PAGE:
Are SUVs the new smoking? British environmental report hits out against gas-guzzlers
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An environmental campaign in the UK is calling for a ban on SUV advertising, claiming it will reduce the effect of climate change while making streets less congested and safer for pedestrians.
“Badvertising”, a push by the New Weather Institute and Possible, a climate charity, said advertising for large passenger vehicles and the “dirtiest third” of new cars should end.
The report suggests “parallels between smoking and advertising climate-damaging activities like driving gas-guzzlers are, if not exact, oddly close”. In the same way Phillip Morris’ “Marlboro Man” used rugged outdoor imagery to sell cigarettes more likely to be smoked in densely populated areas, Badvertising suggests four-wheel-drives sold as getaway vehicles for adventurers are more likely to be found on the school run.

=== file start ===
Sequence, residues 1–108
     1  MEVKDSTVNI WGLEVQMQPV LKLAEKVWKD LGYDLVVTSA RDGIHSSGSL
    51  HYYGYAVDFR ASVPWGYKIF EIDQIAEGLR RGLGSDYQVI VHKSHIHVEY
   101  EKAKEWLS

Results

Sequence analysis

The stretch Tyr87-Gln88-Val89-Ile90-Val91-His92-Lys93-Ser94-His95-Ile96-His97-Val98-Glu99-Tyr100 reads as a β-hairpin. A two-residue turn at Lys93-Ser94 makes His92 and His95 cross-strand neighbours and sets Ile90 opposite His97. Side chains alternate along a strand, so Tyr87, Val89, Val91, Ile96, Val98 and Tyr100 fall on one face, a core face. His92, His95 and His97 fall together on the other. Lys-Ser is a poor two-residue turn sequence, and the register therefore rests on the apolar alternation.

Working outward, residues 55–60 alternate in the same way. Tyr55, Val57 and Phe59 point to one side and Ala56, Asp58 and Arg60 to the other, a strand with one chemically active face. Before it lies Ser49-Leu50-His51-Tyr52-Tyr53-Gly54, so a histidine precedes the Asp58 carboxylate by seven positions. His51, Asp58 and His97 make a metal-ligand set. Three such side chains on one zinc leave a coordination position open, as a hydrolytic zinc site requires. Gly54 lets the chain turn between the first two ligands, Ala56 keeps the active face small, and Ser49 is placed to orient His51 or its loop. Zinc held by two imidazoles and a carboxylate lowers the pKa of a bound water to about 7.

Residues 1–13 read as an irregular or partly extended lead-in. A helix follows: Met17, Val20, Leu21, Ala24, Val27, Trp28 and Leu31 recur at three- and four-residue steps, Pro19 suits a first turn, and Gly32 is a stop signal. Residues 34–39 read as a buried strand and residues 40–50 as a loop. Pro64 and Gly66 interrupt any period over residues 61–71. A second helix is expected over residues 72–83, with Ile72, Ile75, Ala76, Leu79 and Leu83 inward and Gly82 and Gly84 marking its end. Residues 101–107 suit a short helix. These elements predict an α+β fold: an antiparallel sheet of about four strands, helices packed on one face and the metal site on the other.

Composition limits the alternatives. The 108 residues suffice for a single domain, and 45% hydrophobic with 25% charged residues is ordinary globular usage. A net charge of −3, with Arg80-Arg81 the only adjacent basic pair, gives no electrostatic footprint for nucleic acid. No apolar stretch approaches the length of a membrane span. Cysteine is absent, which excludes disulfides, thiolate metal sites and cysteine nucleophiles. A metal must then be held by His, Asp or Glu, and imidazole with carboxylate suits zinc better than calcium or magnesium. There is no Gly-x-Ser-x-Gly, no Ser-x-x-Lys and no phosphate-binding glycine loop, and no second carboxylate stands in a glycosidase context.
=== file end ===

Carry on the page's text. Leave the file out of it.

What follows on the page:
Robbie Gillett, campaigner at Possible, said aggressive marketing of SUVs worked against efforts to combat climate change.
“Their misleading ads promise us freedom and escape — but the reality of urban road conditions is grinding traffic jams, toxic air pollution and spiralling carbon emissions from road transport that will trash our climate goals,” he said.
“Let’s create space to breathe and space to think — free from the advertising pressures of big polluters.”
Andrew Sims, co-director of the New Weather Institute said “promoting the biggest, worst emitting SUVs is like upselling pollution, and we need to stop”.
“In a climate emergency when we need to make the places where we live more people friendly, SUVs are in the way of progress,” he said.
Broadcast tobacco ads were banned in Australia in 1976, followed by all other tobacco advertising in 1992. Badvertising recommends a similar approach for large vehicles, particularly SUVs.
The report triggered debate in British media. Automotive industry representatives told the BBC that SUVs were more efficient than ever, and that hybrid and electric options were becoming increasingly common. A marketing expert said an advertising ban would not change buyer habits.